I am already being poured out like a libation,
and the time of my departure is at hand.
I have competed well; I have finished the race;
I have kept the faith.
From now on the crown of righteousness awaits me,
which the Lord, the just judge,
will award to me on that day, and not only to me,
but to all who have longed for his appearance.
At my first defense no one appeared on my behalf,
but everyone deserted me.
May it not be held against them!
But the Lord stood by me and gave me strength,
so that through me the proclamation might be completed
and all the Gentiles might hear it.
And I was rescued from the lion’s mouth.
The Lord will rescue me from every evil threat
and will bring me safe to his heavenly kingdom.
To him be glory forever and ever. Amen.
(2 Timothy 4:6-8, 16-18)
4:6 the point of being sacrificed: Or “being poured out as a libation”. The description alludes to the cultic liturgy of Israel, where daily drink offerings of wine were poured out at the base of the Temple altar (Ex 29:38–40; Num 28:7). Evoking this imagery, Paul sees martyrdom as an act of sacrifice and liturgical worship (Phil 2:17) (CCC 2473). my departure: A metaphor for death, which in Paul’s case is both imminent and personally desirable (Phil 1:23). According to tradition, Paul was condemned during the Neronian persecution that began in the mid 60s and was beheaded just outside the city of Rome along the Ostian Way.
4:8 crown of righteousness: The reward of everlasting righteousness (Gal 5:5) that awaits the saints, who have persevered in the grace of God (Jas 1:12; 1 Pet 5:4). The image alludes to the garland or victory wreath used to crown winning athletes in the ancient Olympics (1 Cor 9:25). Paul’s confidence that such a reward awaits him rests on his sense of accomplishment, since after 30 years of ministry, toil, and suffering, he has remained firm in the faith without straying from the course set for him by Christ (2 Tim 4:7; Acts 20:24). He was not nearly so assured of his salvation while the race was still in progress (1 Cor 9:16). ● Is not a crown the reward of good deeds? Yet, this is possible only because God accomplishes good works in men. It is through his mercy that we perform the goods works to which the crown is awarded (St. Augustine, On Grace and Free Will 21). that Day: The Day of Judgment. his appearing: Either the future return of Christ in glory (4:1) or, possibly, his first coming in the flesh (1:10).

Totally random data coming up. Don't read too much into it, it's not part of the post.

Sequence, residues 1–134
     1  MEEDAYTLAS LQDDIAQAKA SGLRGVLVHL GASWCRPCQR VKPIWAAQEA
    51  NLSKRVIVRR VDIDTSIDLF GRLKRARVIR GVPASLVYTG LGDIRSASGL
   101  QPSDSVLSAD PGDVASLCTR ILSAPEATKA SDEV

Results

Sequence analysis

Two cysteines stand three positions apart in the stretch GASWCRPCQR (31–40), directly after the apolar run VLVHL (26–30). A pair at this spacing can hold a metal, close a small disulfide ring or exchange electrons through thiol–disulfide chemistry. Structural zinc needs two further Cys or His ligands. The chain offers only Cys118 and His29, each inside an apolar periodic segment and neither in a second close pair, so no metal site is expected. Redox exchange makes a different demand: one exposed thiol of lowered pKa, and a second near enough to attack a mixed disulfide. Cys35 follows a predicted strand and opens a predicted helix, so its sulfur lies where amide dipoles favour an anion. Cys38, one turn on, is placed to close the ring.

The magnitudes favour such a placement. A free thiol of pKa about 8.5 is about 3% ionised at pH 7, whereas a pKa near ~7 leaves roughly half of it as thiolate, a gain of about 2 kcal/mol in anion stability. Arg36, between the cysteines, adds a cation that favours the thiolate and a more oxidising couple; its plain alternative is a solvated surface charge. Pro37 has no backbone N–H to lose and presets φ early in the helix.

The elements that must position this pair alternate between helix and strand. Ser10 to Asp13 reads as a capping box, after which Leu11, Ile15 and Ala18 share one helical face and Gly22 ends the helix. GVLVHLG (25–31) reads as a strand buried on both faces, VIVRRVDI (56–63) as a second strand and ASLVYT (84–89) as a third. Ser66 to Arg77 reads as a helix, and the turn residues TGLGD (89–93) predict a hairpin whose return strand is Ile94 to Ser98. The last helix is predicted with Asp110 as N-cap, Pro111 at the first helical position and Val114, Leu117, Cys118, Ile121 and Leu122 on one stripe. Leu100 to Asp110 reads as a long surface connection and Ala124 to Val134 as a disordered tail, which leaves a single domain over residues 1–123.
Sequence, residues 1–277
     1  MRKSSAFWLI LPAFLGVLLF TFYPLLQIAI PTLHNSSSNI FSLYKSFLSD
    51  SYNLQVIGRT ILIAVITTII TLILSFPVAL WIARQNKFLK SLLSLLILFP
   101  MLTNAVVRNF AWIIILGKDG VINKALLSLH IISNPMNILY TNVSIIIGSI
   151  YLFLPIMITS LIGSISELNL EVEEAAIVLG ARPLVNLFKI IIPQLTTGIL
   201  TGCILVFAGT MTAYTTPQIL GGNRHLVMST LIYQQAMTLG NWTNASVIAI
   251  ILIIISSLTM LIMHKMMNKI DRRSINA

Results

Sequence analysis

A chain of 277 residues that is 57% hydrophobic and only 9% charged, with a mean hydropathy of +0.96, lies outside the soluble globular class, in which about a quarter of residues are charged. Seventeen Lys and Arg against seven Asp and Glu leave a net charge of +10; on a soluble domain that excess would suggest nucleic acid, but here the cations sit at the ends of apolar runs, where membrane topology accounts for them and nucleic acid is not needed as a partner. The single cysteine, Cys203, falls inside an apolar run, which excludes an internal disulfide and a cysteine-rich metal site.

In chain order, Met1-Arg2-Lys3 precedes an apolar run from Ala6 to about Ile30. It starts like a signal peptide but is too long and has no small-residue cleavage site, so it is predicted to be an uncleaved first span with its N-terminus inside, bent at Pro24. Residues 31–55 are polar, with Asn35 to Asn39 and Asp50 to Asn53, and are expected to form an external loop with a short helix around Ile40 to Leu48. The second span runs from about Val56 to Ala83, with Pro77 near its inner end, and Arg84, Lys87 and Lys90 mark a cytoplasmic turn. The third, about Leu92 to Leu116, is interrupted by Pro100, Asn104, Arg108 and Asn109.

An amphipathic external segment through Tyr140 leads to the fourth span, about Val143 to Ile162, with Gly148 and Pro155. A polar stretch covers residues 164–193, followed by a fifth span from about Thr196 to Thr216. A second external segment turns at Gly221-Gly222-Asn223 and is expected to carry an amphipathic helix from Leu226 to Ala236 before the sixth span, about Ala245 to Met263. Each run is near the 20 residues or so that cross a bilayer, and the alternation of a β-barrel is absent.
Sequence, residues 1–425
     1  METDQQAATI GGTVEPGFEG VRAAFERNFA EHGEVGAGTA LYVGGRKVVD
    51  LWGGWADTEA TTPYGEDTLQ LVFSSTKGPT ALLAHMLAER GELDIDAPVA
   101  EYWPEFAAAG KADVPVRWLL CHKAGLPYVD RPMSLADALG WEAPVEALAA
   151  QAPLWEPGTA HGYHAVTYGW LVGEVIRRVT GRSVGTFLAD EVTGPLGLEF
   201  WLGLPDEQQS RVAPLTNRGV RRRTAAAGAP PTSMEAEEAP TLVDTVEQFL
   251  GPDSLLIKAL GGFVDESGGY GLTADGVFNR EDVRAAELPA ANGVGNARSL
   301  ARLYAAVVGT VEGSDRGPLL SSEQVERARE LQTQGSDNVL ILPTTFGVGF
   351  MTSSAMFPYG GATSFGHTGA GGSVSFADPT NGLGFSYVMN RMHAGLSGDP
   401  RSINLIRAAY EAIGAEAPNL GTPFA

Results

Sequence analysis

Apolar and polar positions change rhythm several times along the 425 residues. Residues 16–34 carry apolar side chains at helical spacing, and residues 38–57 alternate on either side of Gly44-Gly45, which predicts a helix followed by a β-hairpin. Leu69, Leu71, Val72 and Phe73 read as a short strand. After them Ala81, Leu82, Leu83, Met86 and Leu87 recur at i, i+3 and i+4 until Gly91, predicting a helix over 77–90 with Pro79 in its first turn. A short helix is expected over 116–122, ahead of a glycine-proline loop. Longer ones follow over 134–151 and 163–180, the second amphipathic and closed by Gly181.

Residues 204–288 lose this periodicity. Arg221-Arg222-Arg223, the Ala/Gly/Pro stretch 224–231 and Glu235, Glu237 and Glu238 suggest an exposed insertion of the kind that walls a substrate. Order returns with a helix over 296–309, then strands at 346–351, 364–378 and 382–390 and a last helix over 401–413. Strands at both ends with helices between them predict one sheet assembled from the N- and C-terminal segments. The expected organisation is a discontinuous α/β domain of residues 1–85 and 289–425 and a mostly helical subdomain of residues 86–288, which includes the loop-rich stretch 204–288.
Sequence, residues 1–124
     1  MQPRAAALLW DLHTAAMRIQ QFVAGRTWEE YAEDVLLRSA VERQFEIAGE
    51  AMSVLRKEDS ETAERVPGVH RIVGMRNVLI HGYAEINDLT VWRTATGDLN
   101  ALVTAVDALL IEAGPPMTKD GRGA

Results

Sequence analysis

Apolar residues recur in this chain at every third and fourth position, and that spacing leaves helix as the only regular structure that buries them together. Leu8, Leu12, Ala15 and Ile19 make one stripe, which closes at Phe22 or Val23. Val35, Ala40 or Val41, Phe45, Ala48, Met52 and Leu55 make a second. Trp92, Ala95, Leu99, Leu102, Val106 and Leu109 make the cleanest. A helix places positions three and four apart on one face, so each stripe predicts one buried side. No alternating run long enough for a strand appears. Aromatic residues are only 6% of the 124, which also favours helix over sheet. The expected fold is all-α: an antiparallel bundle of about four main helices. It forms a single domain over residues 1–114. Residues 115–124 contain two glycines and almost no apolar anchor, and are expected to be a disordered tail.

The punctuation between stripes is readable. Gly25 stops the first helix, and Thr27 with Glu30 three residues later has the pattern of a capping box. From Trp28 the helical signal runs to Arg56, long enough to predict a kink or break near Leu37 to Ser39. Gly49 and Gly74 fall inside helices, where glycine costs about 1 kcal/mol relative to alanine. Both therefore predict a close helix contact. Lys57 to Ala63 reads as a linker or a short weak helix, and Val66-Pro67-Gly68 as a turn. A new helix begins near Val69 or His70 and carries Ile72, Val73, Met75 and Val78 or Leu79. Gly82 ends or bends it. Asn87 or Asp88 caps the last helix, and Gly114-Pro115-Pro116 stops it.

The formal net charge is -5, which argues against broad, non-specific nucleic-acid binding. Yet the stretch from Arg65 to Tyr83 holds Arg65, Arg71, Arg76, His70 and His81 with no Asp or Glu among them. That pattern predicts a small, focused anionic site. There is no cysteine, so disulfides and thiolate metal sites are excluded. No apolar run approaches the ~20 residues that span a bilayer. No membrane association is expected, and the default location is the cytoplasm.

“I am already being poured out like a libation, and the time of my departure is at hand. I have competed well; I have finished the race; I have kept the faith.”
At some point, all of us will face the consciousness of our inevitable death. Will we be able to reflect on our faith journey with a similar story as St Paul? Will our story be one of the good fight or the avoided one? Life is a battle of good and evil. In our earthly competitions, we fight and strive for days and the only reward we receive is a crown which withers in a matter of hours. The spiritual battle of the virtuous versus unprincipled life, leads to a heavenly crown we are given of glory and honor whose brilliance lasts forever.
May the virtues of faith, hope, and love go with you today – DV.
CCC Catechism of the Catholic Church
 The Ignatius Catholic Study Bible: The New Testament (San Francisco: Ignatius Press, 2010), 400–401.
 Saint Paul’s Letters to the Thessalonians, and Pastoral Letters, The Navarre Bible (Dublin; New York: Four Courts Press; Scepter Publishing, 2005), 122–123.